ATLANTIC CITY — As a former dealer and pit boss on the Boardwalk, Mayor Lorenzo Langford is committed to seeing the city’s casino industry recover, despite his well-publicized disputes with New Jersey Gov. Chris Christie over reforms implemented by the state that the mayor says cut him and other city leaders out of the process.
Langford, Atlantic City’s mayor since 2002, was critical of Christie’s reform package that was passed by state lawmakers in 2011 and put authority over the city’s 12 casinos under the state through a newly created tourism district.
In an interview Friday in his seventh-floor City Hall conference room, Langford said the first two years of Christie’s planned five-year program haven’t shown any notable improvements.
“The numbers don’t lie,” Langford said, citing gaming revenue statistics that showed declines of 6.9 percent in 2011 and 8 percent in 2012. Atlantic City tourism and gaming leaders, however, cite upticks in nongaming areas, such as luxury tax collections, sales taxes and occupied hotel room nights.
Langford supports the casino industry’s push to create more nongaming amenities, such as restaurants, nightclubs and retail offerings. He likes the glitzy, $30 million a year “DO AC” advertising campaign produced by the casino-funded Atlantic City Alliance that touts the market as a destination resort.
He only wishes the casinos had undertaken the effort 10 years ago, before gaming competition from Pennsylvania, New York, Maryland and Delaware and the tanking national economy took business away from Atlantic City.
“We’re trying to be like Las Vegas and rely more on the nongaming business,” he said. “We just started too late.”
Langford sits on the board of the Casino Reinvestment Development Authority, which was tasked by New Jersey lawmakers to collect 1.25 percent of casino gaming revenues and invest the money in community and economic development projects in Atlantic City and the state. Roughly $1.5 billion has been reinvested into Atlantic City since 1984.
Under Christie’s reform package, the authority was given more control over the casinos’ contributions. Casinos were also allowed to apply and recover the funds as investments into nongaming amenities on their properties.
For example, Resorts Atlantic City is paying for almost half its $35 million Margaritaville restaurant, beach bar and retail and expansion, which opens Memorial Day weekend, with authority contributions.
The Tropicana Atlantic City is using redevelopment money to add restaurants, including a branch of the Philadelphia-based Chickie’s and Pete’s sports bar, while renovating its Boardwalk entrances.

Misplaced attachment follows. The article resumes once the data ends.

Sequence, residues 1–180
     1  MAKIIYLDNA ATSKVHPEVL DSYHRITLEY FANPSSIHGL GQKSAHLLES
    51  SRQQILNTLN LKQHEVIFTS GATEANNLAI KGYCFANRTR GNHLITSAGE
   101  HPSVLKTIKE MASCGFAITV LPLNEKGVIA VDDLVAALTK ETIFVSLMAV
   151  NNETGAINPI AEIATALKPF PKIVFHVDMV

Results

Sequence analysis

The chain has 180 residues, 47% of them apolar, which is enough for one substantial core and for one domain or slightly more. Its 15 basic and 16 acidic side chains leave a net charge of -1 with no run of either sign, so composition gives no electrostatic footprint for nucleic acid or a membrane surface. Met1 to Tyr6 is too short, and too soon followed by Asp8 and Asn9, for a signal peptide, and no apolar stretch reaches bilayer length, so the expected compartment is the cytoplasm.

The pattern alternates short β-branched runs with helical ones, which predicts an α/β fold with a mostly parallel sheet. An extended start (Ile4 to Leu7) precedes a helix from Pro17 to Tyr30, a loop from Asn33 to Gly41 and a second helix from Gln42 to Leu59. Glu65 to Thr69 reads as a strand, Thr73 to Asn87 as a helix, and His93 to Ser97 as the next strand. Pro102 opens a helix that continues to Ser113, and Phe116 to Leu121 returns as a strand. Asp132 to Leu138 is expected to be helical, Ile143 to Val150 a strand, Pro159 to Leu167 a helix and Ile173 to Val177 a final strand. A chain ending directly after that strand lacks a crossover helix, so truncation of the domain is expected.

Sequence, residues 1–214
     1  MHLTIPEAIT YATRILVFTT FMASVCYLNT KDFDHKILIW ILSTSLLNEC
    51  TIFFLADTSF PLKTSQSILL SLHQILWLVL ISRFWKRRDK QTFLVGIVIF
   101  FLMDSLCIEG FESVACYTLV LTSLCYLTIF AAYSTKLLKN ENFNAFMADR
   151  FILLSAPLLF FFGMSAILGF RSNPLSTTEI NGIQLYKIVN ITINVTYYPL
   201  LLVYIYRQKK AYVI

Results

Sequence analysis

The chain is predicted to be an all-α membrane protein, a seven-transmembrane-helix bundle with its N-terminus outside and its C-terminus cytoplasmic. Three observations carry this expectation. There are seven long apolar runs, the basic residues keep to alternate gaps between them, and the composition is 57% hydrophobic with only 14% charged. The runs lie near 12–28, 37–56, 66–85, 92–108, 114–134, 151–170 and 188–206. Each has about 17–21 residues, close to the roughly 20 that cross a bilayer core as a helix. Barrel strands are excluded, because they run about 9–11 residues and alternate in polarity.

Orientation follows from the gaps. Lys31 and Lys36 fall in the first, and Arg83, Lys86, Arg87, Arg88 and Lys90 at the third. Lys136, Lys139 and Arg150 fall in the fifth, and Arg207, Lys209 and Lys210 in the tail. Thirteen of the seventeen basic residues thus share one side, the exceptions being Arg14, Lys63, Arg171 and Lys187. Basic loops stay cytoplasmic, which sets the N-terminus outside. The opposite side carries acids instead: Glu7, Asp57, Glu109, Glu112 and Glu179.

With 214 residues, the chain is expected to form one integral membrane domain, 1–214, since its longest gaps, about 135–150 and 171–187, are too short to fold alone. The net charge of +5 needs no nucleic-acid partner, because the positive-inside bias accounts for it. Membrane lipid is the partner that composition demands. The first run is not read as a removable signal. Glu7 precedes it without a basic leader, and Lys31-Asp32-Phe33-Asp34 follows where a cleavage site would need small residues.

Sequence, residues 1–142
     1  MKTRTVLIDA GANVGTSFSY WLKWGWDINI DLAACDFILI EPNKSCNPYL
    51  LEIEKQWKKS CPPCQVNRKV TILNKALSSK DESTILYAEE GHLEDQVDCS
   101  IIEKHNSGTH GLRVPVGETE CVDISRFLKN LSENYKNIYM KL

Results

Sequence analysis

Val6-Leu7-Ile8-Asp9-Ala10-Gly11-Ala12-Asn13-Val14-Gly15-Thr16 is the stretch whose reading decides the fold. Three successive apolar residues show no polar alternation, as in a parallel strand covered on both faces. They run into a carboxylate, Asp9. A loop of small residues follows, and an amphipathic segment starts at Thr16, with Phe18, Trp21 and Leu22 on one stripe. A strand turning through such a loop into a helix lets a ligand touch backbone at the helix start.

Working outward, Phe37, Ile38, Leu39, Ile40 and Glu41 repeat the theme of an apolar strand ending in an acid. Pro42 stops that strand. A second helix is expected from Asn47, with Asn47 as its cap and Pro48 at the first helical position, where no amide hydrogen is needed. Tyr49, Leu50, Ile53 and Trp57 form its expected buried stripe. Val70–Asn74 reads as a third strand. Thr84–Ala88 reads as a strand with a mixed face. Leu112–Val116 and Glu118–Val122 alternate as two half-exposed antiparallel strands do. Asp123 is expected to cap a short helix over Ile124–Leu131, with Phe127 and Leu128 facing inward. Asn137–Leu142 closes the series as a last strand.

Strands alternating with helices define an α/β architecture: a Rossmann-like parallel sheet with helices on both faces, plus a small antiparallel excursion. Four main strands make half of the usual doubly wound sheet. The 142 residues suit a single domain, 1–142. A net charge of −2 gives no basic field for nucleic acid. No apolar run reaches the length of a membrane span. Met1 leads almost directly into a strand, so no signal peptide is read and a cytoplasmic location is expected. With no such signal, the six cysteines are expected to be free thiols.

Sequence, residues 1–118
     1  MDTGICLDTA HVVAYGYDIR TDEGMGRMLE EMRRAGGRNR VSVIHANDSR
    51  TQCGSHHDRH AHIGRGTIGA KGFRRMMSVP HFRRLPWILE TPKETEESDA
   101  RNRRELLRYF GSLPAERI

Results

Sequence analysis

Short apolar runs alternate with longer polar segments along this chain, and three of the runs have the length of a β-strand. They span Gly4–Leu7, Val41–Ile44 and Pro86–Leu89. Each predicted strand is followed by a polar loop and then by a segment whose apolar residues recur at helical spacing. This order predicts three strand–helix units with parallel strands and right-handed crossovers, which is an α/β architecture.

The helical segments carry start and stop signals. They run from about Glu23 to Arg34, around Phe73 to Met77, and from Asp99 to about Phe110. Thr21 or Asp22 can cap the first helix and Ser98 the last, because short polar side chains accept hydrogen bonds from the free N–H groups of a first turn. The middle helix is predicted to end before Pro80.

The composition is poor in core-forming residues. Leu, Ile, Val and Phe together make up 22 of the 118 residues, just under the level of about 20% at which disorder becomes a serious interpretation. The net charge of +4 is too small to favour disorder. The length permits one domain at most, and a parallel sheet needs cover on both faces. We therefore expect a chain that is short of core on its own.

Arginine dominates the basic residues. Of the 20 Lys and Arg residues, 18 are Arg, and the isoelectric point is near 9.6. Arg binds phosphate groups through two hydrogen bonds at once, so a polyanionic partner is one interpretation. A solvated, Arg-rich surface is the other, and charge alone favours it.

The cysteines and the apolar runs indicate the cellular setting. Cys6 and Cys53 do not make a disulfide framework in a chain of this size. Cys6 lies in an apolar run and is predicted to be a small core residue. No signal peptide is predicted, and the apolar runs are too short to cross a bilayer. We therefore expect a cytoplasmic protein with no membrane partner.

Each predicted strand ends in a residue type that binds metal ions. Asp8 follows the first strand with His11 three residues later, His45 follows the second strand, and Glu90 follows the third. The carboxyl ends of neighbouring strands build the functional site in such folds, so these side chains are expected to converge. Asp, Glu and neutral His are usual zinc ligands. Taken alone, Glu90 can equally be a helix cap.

Langford’s concern was that the Atlantic City Housing and Economic Development fund that comes from the authority’s casino dollars not be touched. Over the years, the authority has built housing throughout Atlantic City, paid for by the fund.
“As long as those dollars are set aside for the purpose originally created, I don’t really care what happens to the rest of the money,” Langford said. “Historically, the CRDA has been pretty good at investing in the neighborhoods.”
Langford said he plans to seek a change that might allow the funds contributed by the casinos to be used as property tax rebates for residents.
“We’ve done a good job of building new units,” he said. “But we need to stabilize the current housing market.”
Langford believes in the casino industry. Before winning election to the City Council in 1992, he worked in the industry. He was one of the first dealers at Caesars Boardwalk Regency. He moved to Playboy Hotel Casino in 1981 as a floor person, and eventually rose to pit boss. He worked at the property when it was known as the Atlantis, and after it was closed and demolished, Langford worked for Trump Taj Mahal as a pit manager.
Langford’s concerns about Christie’s program include the design of the tourism district, which he says “segregates the poorer areas from the wealthier parts of Atlantic City.” When Christie announced the program at a news conference on the Boardwalk in 2011, Langford said he wasn’t given details ahead of time.
The approved plan effectively took control of the casino’s zoning and redevelopment issues away from the city and handed them to the state. Langford said he was able to kill through the Legislature one aspect of the plan that would have tasked Atlantic City with creating a second police force to cover the tourism district. The idea would have cost Atlantic City taxpayers $30 million a year.
Langford, a Democrat, and the Republican Christie have feuded off and on over the past few years. Christie attacked the mayor over his handling of Superstorm Sandy, saying Langford erred by allowing people to shelter on the barrier island ahead of the storm rather than making them evacuate.
Langford said Friday that Christie did not have all his facts when he spoke. Residents were advised to leave, he said, before Christie authorized evacuation.